How much are you worth to your employer?

This is a page from my book, “A Survival Guide for New Consultants”

“He who knows others is wise.
He who knows himself is enlightened.”


A long time ago — 1991, I think — a friend of mine named Joe was a contractor for the aerospace company I worked at. Just like a consultant, Joe was paid by the hour.

At some point Joe decided he was going to leave to take a permanent job elsewhere, because he had a medical problem and wanted to get better health insurance. Upon telling my employer of his plans, the employer came back and said, “What if we make you a full-time employee here?”

So they proceeded down the road to make Joe a full-time employee, but the process hit a snag. Because of his medical problem, my employer’s insurance wouldn’t pick him up.

At this point something really interesting happened. When Joe went back to talk to my employer about salary, he assumed he was talking about a full-time position, but the employer knew that the insurance company wouldn’t pick Joe up, so they were talking about trying to keep him on as an hourly contractor.

So the employer asked, “Joe, how much would you like?”, to which Joe only replied “80.” (Like Clint Eastwood, Joe was a man of few words.) Fortunately for him he didn’t say what he really meant, which was $80K per year.

Sitting on the other side of the table, the employer thought they were talking about a contracting rate, and they were stunned that he had the balls to ask for $80 per hour (remember, this was 1991), but since he was very good at what he did, they said, “We’ll have to get back to you.” Eventually they did get back to him — giving him the $80 per hour they thought he asked for!

Yes, that’s $160,000 in 1991 money for the 2,000 work-hours in a typical year. Working the math in my head, if you assume a cost of living increase of 4% per year, that “80” would be worth over $320,000 in salary in 2012 — without considering the overtime. With the usual twenty hours per week of overtime we were working then, Joe would have made about $240,000 in 1991 — an income of about $500,000 per year in 2012 money.

2016 Update: As I think about it, he was probably paid time-and-a-half for the overtime hours, or $120/hour, making his total income $280,000 for that year. With a simple interest calculator and a 4% cost of living increase, that’s a $560,000 salary in 2016, but ... I think it’s more accurate to use a compounding interest calculator, in which case that 1991 salary is equivalent to a $746,000 salary in 2016. To top it off, we worked on the border of Alabama and Mississippi, an area with a very low cost of living.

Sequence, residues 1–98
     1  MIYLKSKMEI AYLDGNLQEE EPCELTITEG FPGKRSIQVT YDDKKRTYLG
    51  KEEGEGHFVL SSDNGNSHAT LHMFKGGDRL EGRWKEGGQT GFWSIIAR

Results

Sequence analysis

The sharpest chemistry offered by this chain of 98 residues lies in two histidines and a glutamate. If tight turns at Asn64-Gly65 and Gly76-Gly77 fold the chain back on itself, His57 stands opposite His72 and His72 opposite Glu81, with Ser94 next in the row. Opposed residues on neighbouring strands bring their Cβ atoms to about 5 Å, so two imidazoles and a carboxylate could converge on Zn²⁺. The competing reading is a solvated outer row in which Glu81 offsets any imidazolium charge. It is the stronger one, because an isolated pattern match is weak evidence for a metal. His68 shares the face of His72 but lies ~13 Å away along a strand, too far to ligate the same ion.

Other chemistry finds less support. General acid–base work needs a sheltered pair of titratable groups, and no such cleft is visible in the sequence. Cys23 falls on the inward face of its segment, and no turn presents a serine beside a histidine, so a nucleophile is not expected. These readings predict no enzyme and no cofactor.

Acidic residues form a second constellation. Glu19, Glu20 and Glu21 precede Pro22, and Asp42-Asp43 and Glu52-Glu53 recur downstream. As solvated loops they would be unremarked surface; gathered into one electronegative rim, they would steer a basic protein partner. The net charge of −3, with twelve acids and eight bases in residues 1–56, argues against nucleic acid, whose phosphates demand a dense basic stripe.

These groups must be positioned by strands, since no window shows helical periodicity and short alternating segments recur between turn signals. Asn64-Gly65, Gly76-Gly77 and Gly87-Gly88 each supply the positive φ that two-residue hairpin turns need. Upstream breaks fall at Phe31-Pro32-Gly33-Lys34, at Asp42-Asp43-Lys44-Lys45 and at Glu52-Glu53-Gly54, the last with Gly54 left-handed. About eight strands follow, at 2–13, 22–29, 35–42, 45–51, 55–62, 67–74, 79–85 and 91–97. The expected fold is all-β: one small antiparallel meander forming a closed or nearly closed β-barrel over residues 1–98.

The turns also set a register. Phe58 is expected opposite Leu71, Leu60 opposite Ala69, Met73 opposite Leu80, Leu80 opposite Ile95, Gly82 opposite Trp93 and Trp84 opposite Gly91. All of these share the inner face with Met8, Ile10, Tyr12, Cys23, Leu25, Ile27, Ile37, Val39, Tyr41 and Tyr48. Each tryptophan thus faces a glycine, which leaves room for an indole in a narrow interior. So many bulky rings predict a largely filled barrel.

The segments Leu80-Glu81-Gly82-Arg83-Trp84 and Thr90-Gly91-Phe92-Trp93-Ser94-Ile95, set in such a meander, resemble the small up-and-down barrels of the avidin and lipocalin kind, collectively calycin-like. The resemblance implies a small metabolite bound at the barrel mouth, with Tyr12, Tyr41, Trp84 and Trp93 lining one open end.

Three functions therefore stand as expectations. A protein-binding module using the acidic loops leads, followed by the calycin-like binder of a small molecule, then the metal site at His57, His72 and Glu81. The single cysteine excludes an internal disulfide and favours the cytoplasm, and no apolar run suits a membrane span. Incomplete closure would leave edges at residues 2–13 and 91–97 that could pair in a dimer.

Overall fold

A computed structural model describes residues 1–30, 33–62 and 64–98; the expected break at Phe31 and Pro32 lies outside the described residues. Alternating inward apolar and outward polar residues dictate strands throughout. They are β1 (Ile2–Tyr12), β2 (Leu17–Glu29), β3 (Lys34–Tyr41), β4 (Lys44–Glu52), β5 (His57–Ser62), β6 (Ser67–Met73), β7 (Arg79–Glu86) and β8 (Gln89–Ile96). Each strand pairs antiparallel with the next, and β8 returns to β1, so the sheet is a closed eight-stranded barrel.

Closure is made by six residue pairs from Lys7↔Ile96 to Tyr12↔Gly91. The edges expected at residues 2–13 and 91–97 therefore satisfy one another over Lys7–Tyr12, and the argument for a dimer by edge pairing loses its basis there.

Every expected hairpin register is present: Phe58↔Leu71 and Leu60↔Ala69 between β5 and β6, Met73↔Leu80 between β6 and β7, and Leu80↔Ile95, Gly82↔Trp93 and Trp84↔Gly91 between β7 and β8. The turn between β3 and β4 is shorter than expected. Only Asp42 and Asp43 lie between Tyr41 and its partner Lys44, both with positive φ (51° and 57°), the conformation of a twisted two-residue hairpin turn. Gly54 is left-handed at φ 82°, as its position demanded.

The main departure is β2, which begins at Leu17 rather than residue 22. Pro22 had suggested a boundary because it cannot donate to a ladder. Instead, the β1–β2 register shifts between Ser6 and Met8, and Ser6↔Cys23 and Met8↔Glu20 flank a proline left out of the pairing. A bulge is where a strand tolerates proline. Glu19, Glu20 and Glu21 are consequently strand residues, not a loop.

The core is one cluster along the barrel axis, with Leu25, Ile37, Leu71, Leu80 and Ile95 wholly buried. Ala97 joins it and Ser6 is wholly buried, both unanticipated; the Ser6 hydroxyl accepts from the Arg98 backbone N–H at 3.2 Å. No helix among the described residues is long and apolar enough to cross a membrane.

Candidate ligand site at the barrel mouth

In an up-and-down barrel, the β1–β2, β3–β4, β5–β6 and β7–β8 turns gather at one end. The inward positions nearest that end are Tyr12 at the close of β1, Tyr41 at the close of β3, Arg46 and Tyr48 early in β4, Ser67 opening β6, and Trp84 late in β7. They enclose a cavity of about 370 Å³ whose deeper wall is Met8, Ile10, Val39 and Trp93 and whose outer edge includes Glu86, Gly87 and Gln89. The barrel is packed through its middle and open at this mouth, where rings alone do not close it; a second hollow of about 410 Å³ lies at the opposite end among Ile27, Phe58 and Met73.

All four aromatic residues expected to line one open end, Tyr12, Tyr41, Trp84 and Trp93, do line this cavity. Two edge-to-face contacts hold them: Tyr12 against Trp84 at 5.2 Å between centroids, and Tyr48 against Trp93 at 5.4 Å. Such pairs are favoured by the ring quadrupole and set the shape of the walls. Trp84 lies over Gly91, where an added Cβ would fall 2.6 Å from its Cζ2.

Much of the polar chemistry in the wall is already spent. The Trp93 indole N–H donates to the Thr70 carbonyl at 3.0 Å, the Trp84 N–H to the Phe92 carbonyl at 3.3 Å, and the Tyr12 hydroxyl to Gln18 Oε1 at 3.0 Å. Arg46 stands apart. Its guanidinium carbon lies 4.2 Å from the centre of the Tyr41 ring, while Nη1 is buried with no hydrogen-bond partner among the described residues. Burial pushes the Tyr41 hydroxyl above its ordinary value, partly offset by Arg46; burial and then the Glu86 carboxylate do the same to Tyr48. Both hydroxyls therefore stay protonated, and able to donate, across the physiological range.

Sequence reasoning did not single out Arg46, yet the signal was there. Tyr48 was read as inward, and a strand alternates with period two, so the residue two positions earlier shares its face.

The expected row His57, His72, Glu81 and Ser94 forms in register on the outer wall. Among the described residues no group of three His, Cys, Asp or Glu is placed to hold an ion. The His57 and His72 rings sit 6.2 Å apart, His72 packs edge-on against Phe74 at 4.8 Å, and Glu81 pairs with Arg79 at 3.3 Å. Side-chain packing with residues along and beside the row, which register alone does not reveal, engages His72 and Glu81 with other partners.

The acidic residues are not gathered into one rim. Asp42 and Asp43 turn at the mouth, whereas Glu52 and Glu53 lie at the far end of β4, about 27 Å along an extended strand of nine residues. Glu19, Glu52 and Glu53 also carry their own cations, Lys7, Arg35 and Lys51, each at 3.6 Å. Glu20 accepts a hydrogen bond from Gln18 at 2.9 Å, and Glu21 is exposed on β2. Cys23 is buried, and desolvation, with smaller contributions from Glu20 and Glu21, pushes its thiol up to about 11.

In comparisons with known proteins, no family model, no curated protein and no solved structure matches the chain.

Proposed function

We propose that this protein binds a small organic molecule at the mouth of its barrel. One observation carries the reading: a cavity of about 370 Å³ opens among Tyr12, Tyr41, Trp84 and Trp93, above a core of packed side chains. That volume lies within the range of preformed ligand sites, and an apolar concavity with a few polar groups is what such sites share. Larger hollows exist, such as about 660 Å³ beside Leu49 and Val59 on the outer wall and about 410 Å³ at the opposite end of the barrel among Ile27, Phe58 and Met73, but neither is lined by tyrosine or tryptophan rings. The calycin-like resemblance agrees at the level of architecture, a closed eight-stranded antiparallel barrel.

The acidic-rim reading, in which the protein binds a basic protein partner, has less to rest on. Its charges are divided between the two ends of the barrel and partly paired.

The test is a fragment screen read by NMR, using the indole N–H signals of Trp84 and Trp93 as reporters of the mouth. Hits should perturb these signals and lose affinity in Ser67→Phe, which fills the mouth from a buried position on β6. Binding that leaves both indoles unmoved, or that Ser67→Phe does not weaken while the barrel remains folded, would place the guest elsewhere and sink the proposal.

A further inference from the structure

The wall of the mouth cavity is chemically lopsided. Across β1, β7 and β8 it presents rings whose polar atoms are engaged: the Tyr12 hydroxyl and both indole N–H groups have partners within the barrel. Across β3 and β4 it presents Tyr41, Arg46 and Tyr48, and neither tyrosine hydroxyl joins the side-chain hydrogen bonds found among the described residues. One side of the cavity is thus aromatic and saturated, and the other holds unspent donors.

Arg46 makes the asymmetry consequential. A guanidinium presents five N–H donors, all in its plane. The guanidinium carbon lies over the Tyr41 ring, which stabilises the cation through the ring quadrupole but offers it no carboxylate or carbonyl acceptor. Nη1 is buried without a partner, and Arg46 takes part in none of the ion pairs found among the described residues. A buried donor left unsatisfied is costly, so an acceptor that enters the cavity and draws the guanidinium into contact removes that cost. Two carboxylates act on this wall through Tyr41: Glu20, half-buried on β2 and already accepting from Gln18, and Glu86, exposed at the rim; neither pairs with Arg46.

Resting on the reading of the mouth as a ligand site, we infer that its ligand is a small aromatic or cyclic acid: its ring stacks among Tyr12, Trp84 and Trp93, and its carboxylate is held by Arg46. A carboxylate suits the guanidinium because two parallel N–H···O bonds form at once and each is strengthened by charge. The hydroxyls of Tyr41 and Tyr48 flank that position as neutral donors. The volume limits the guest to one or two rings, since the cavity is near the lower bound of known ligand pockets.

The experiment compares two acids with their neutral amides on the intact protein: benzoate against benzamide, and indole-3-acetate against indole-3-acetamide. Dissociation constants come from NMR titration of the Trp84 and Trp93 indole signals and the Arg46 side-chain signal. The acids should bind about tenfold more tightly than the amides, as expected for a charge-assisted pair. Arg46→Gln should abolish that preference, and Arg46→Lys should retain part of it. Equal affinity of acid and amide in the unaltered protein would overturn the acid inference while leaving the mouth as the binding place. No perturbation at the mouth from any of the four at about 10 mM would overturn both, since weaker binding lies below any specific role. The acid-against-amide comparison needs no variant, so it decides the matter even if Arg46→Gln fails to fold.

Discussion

Another story

I had a similar encounter with one of my exceptional employees. He was an indispensable employee, and one day he came to me in a very non-threatening manner with several facts. He knew (a) how many hours he billed in a year, (b) what we billed for his services ($125/hour, I think), and (c) what he was paid.

He came to me on this day with a spreadsheet, and again, very politely pointed out that he was being paid X, while based on these numbers, he thought he was worth Y, where ‘Y’ was a significantly larger number. We had a short discussion about the numbers, but frankly, I couldn’t argue with him, he was right; he was worth more money to me. I didn’t give him that new salary immediately, but because he was polite and factual in his approach, I gave him a higher salary soon thereafter.

A problem employee

While I hope those two stories show that if you’re a good employee you shouldn’t be afraid to ask for what you’re worth, I’d like to share another story.

In this story, another employee of mine thought it was a good idea to negotiate his salary several times a year. His approach was usually something like, “My friend over at Acme Corp is making $X. I think I should be making at least that.” I found his approach threatening, and I also didn’t like that he did this several times a year. I wouldn’t have liked his approach this very much if he was a great employee, but in his case, he was only an average performer. Replacing him would be simple, but he didn’t see that.

I don’t recall how many salary discussions we had, but I will say that the last one didn’t go very well for him.

How much are you worth?

I think of these first two cases sometimes, and I wonder if good employees don't realize how much they're really worth to their employer. I know I paid my top-tier employees very, very well, and I’d like to think other good employers will do the same for their best employees.

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